Here’s my Stebel install
Can’t remember if I ever posted it before, so here goes again…
Since the large carbon canister fit in the left “cheekpiece” I figured there was enough room in the right cheekpiece to fit the Stebel. Took a bit of creative fitting.
Split the horn
Modded it a bit to take a hose.
Fitted to the inner right cheekpiece molding. I used a combination of Industrial Strength Velcro, and 3M Dual-Lock, plus a few nylon cable ties to hold the hoses and wires in place. Been very rugged to far. I ended up removing some of the hose tie-downs to allow the hose to move a bit more for better fit.
Here’s how it looks from the other side. I cut a hole for the horn to blare though. All fit’s in very snug, but tidy.
It’s well concealed up and under. Pardon the bugs…
Ran a new heavy duty circuit all the way from the battery up to the right “cheekpiece” with ah heavy-duty quick-disconnect, and a relay to use the regular horn circuit for control.
As for a relay, it is a MUST. The Stebel draws a lot of power (current) and if you try and route it through your normal horn button contacts, you will smoke them almost immediately, as well as the wire size on the OEM beeper horn is too small to power the Stebel air-compressor properly. A relay is a few bucks at a local auto-parts store, but there’s also wiring the main power circuit to drive the horn.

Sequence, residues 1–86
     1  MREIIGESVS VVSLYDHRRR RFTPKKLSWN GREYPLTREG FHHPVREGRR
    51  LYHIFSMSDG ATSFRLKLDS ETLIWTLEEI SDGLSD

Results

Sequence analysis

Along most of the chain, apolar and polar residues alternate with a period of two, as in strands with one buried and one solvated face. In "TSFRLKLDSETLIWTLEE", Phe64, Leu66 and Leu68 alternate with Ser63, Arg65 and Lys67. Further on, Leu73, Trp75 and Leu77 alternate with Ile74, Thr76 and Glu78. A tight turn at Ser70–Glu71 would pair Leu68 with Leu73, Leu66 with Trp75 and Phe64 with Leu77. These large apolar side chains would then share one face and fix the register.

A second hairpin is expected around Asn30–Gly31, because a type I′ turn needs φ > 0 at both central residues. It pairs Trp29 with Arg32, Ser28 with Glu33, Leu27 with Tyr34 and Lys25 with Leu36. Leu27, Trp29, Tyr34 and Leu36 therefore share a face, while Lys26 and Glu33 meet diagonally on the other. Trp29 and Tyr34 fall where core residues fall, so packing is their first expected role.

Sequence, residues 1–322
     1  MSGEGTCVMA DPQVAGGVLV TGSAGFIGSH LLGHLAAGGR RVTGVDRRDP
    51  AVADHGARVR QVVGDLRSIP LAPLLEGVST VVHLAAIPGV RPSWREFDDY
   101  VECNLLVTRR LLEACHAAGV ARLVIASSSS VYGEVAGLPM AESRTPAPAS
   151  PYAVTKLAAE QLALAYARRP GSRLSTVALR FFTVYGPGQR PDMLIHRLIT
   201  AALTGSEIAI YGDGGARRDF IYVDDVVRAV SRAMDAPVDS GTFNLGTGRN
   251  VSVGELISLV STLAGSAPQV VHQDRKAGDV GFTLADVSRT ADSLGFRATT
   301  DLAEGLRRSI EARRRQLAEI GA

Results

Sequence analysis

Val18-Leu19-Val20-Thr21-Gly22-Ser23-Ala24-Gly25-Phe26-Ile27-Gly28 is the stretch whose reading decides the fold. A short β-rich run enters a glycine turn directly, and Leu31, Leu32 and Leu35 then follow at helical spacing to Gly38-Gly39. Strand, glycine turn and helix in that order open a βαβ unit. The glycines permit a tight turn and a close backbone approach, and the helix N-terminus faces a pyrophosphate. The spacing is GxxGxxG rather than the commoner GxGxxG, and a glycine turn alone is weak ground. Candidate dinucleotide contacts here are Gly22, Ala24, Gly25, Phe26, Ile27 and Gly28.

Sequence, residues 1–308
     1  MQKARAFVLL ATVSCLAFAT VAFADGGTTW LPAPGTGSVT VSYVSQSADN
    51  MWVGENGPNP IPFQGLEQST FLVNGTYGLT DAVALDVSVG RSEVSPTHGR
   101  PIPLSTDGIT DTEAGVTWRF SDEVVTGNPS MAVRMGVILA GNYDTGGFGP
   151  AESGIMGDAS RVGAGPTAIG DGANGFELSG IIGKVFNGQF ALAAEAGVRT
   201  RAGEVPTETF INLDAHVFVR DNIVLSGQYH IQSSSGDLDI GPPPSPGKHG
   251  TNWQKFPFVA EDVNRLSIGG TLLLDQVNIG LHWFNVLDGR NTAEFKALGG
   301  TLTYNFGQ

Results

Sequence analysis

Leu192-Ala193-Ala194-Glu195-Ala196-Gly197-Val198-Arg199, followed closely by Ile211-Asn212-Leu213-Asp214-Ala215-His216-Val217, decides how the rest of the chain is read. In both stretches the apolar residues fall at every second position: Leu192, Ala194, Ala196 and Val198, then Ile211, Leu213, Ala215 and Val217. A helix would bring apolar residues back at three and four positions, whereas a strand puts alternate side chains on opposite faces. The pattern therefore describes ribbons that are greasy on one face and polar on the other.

With a heavy wire circuit, that puppy is LOUD!
Unfortunately, adding a heavy power user like a Stebel horn is not a trivial task. If you don’t understand electrical/electronics, it’s much better to get somebody who does to install at least the electrical part. I didn’t find any suitable high current suitable 12V circuits in the 990 in the front fairing, so I ran a 12gauge dedicated fused circuit up from the bottom near the battery and through a relay. It really blasts that Stebel with authority. Even when I warn people when demonstrating, they still jump!